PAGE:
The blogosphere is notably quiet when it comes to discussing topics like contraception and sex. We’ll write about clothes, what we eat, where we eat, and crap like 10 ways to smell like Beyonce, but writing about how we stop nature in its tracks and prevent us creating a 15-strong brood of mini-me’s? Not so much (I get it, Instagramming a picture of condoms is so teenage, and a snapshot of you and your boyfriend at it? It’s a bit Kim Kardashian)
But we all have sex, and I assume by the fact none of my friends have babies yet that most of us use birth control, so why not open up the discussion a little? With so many options out there – femidom anyone? – it can be hard to work out what’s the best choice. And the chances are, when you went to the doctors to get a less-fumbly form of contraception than condoms sorted out, you left the pharmacy clutching a little white bag of Microgynon boxes that basically declared to the world I AM SEXUALLY ACTIVE! But contraception isn’t a one size fits all kind of thing. Chloe Plumstead shared her experience of the contraceptive injection, offering up an insight into that method. I’ve certainly not been shy in vocalising my dislike for hormonal contraception in the past (if you want the back story, you can read about how taking the pill for 7 years turned me into a psychotic bitch) and after thousands of women shared their experience with #MyPillStory on Twitter, it’s all pretty evident that I wasn’t the only one hating on pill-popping. Taking those hormones made me an irrational, anxious, depressed bitch, but I really didn’t fancy being a mum right now either, so what are the non-hormonal contraception methods?
Well condoms, femidoms, spermicides, diaphragms, and the copper coil (IUD). I opted to have the coil fitted because well, there’s nothing less sexier than saying “hold on a minute darling, give me 10 seconds to put some spermicide inside me and get the femidom in place.” We all know copper is having a serious moment in interiors – it just so happens to be having one in my interiors too. So here’s a little breakdown on the NTK and my experience.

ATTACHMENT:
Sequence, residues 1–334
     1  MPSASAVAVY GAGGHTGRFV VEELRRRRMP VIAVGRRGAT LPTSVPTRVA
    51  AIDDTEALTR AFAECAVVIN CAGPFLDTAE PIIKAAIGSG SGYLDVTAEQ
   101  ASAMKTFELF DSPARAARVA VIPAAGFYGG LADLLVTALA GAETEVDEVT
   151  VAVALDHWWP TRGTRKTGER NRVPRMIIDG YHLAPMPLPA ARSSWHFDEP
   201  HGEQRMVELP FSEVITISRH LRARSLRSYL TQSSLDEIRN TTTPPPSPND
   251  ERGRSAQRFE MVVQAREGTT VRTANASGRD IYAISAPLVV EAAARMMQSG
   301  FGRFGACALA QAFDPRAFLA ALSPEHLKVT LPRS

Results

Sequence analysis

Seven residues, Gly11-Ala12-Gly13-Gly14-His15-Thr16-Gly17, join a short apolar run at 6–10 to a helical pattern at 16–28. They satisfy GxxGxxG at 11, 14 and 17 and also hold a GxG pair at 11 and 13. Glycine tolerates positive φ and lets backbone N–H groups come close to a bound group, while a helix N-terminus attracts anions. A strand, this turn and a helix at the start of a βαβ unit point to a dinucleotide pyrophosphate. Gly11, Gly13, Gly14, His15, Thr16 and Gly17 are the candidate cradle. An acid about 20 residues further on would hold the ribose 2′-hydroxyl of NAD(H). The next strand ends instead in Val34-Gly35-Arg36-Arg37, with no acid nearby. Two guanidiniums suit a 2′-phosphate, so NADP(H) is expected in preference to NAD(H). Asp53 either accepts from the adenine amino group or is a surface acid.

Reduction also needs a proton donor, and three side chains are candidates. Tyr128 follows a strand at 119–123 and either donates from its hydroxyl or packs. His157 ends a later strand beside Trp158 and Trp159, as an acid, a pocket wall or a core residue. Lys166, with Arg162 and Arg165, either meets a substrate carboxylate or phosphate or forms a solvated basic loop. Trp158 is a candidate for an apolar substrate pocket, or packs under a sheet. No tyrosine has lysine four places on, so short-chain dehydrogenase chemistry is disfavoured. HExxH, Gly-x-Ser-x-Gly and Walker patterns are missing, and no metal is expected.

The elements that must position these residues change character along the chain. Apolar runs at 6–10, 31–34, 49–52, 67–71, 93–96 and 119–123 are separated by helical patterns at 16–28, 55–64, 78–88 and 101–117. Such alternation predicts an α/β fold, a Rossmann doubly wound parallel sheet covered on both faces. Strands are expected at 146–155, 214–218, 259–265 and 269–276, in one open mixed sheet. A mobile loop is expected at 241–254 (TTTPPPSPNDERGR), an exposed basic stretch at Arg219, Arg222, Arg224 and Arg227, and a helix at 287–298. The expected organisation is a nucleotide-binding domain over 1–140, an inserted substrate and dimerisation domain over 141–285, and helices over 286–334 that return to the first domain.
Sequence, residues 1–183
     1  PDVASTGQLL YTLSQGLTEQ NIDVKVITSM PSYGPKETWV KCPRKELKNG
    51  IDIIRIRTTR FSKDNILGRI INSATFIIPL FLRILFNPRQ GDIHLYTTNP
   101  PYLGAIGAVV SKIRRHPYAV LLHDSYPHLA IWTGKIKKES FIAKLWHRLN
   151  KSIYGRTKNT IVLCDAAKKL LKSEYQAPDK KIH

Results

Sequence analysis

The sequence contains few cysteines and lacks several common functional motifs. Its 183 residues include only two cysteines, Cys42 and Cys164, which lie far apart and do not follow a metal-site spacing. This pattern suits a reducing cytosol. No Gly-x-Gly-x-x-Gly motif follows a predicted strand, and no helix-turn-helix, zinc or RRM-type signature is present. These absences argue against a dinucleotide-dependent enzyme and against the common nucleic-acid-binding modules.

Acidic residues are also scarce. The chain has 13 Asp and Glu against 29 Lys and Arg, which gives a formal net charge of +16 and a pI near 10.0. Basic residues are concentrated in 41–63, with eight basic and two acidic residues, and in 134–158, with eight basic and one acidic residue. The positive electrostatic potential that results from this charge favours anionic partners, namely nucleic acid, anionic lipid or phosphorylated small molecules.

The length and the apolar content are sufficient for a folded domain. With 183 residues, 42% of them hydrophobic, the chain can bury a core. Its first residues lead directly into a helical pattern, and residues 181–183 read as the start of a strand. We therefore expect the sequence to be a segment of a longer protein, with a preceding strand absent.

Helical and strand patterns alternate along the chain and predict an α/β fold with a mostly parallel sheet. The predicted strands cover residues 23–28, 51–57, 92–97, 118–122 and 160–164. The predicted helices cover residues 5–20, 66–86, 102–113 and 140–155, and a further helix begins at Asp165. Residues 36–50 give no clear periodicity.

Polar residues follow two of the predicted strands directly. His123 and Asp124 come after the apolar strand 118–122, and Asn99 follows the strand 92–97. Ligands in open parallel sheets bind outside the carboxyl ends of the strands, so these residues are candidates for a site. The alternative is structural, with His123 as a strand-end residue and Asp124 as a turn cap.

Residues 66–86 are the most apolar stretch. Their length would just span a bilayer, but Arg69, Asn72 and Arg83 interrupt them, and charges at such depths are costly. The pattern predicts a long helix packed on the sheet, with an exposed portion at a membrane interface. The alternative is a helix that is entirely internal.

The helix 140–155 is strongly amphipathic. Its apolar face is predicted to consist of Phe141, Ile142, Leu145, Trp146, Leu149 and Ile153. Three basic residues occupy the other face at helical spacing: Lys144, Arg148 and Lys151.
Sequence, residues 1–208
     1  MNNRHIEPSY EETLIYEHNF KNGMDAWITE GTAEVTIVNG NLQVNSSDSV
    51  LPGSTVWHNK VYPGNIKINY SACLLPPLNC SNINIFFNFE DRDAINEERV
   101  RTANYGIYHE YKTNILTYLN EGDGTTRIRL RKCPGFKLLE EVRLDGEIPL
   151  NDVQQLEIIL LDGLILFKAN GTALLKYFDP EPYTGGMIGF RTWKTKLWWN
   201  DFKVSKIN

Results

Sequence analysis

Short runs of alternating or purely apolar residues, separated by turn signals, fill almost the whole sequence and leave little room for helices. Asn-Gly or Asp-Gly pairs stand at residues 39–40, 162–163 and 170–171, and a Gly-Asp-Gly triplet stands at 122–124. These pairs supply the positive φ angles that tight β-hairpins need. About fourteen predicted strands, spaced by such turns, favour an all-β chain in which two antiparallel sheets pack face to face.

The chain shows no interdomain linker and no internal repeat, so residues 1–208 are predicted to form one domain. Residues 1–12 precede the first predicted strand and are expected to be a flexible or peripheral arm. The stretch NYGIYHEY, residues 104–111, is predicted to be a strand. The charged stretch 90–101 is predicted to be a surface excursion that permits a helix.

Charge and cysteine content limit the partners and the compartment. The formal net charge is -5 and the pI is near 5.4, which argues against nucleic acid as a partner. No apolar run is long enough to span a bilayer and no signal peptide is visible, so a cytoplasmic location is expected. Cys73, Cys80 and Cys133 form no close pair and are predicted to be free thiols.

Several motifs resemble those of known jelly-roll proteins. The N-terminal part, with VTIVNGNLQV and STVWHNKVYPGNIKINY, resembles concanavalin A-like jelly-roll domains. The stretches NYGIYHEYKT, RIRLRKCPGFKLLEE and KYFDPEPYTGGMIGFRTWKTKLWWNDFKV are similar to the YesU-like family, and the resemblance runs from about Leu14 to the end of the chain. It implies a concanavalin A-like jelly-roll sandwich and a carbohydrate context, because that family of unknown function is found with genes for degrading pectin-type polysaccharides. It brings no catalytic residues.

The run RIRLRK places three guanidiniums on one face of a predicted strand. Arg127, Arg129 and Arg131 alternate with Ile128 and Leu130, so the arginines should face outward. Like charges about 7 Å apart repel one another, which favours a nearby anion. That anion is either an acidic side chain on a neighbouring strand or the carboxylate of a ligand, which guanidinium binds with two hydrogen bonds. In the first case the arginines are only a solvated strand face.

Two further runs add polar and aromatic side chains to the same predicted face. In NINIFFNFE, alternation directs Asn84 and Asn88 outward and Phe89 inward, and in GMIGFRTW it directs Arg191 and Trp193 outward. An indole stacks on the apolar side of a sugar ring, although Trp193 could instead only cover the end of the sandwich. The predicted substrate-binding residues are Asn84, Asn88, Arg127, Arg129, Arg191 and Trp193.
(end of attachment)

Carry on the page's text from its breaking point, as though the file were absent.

What is the copper coil?
It’s a T-shaped device that’s inserted into your womb and has two little strings that come down through your cervix into the top of your V. Apparently you’re supposed to be able to feel these but that just creeps me out so I won’t be trying that anytime soon… It can last for up to 10 years and once it’s in you don’t have to worry about it, and just let it do it’s thing.
What is its thing? How does it work?
Good question. I thought it was like a plug that stopped sperm going to your eggs. But I was so very wrong. It releases copper, which in turn changes the make-up of the fluids in the womb and fallopian tubes, stopping sperm surviving there. So basically it kills all the little sperm. #sorrynotsorry
How did they fit it and did it hurt?
Put down whatever you’re eating! If you’ve had a smear test, it’s a bit like that. The vagina is held open, and the IUD is inserted through the cervix and into the womb. It really wasn’t that fun. But, now it’s there I don’t ever have to worry about it and there’s no £27 trips to boots for the morning after pill. Just dose up on painkillers beforehand. I had a local anaesthetic too because I’m a total baby.
How effective is it?
More than 99%. So no baby Milner’s for me and whichever poor unsuspecting bloke tried to impregnate me.
So apart from the uncomfortable installation, are there any other disadvantages?
- Hate to be that kind of girl, but, my period pains are worse than your period pains. I’ve always had them bad anyway, but when I first had the coil fitted, they were a million times worse. Imagine a giant eagle squeezing your lady organs with its talons. Then ripping them to shreds with its killer beak. Then being hit by an angry man with a baseball bat in the ovaries. It’s like that. But worse. Luckily, however, they settle down after a few months. So now I’m only having to contend with previous levels of ovary-agony hell.
- Periods are heavier. Without wanting to be too gory, the first day is usually a bloodbath. Like a scene from a poorly-executed, low-budget Jack The Ripper film. Don’t be away from the toilet for over an hour, that’s all I’m saying. But like the period pains, it does settle down a little bit after a few months.
- I can’t imagine whispering in your lovers ear in the throes of passion“don’t worry, I have the coil” has the same boner-inflating affect as “Yeah it’s sound I’m on the pill.”